Global warming to reach at least 6°C

5th November 2012

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If the current rate of production of carbon emissions continues, temperatures will rise 6°C by the end of the century, warns PwC

In its fourth low-carbon economy index, the accountancy says that to have even a 50% chance of limiting global temperature rise to 2°C, global carbon intensity rates will have to be cut by more than 5% every year until 2050.

The annual report calculates how much carbon dioxide is produced to create a unit of gross domestic product (GDP) in the world’s major economies. In 2011, global carbon intensity fell by 0.7% year-on-year, less than a sixth of what is needed to keep to a 2°C temperature increase, warns the report.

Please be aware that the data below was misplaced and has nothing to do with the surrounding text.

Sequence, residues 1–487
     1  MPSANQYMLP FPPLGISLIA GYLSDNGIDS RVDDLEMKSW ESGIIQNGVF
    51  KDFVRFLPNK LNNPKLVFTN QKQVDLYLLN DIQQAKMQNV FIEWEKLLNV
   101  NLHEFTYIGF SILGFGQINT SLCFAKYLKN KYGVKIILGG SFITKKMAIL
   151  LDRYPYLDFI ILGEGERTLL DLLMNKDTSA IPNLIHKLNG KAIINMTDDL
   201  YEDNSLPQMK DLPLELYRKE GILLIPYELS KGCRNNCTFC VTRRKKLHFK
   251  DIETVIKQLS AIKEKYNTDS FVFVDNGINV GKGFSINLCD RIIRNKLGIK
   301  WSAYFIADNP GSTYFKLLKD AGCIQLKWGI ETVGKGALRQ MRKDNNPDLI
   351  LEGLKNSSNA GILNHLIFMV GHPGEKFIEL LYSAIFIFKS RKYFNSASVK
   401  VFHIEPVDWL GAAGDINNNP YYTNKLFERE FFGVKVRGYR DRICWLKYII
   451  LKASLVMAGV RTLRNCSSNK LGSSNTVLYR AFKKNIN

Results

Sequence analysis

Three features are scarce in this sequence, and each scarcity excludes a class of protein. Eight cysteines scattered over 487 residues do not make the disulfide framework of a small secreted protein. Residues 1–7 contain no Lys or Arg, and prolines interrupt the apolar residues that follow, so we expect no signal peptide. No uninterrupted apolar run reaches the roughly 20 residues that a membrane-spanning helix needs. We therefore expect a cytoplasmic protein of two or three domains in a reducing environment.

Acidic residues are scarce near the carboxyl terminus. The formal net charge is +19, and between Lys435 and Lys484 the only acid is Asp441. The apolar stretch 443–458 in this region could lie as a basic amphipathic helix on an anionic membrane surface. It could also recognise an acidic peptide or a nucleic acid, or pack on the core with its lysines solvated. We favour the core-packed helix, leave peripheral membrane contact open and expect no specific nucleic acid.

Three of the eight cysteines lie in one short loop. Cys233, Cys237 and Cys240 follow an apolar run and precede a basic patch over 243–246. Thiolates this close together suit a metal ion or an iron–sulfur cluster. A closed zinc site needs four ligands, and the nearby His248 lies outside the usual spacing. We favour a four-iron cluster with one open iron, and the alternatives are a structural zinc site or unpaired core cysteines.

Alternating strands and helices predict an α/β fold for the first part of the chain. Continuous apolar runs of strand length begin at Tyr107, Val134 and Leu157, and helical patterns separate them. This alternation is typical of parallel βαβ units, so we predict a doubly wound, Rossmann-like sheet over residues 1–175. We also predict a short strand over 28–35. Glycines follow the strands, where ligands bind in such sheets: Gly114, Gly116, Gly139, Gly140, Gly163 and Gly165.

The UK, France and Germany, are leading the way when it comes to cutting emissions, according to the research with carbon intensity falling by 7% last year in the UK, and by 7.7% in France and 6.4% in Germany.

However, reductions in carbon intensity previously seen in emerging economies such as China and India appear to have stalled, as growth and productivity outstrip the developed economies, states the report.

A radical shift in policy will be needed to cut carbon emissions on the scale needed, and organisations should prepare themselves for a future where temperatures are more than a 2°C higher, concludes PwC.

“The new reality is a much more challenging future in terms of planning, financing and predictability,” said Jonathan Grant, director, sustainability and climate change at PwC.

“Even doubling our current annual rates of decarbonisation globally every year to 2050, would still lead to 6°C, making governments’ ambitions to limit warming to 2°C appear highly unrealistic.”
“The risk to business is that it faces more unpredictable and extreme weather, and disruptions to market and supply chains. Resilience will become a watch word in the boardroom.”


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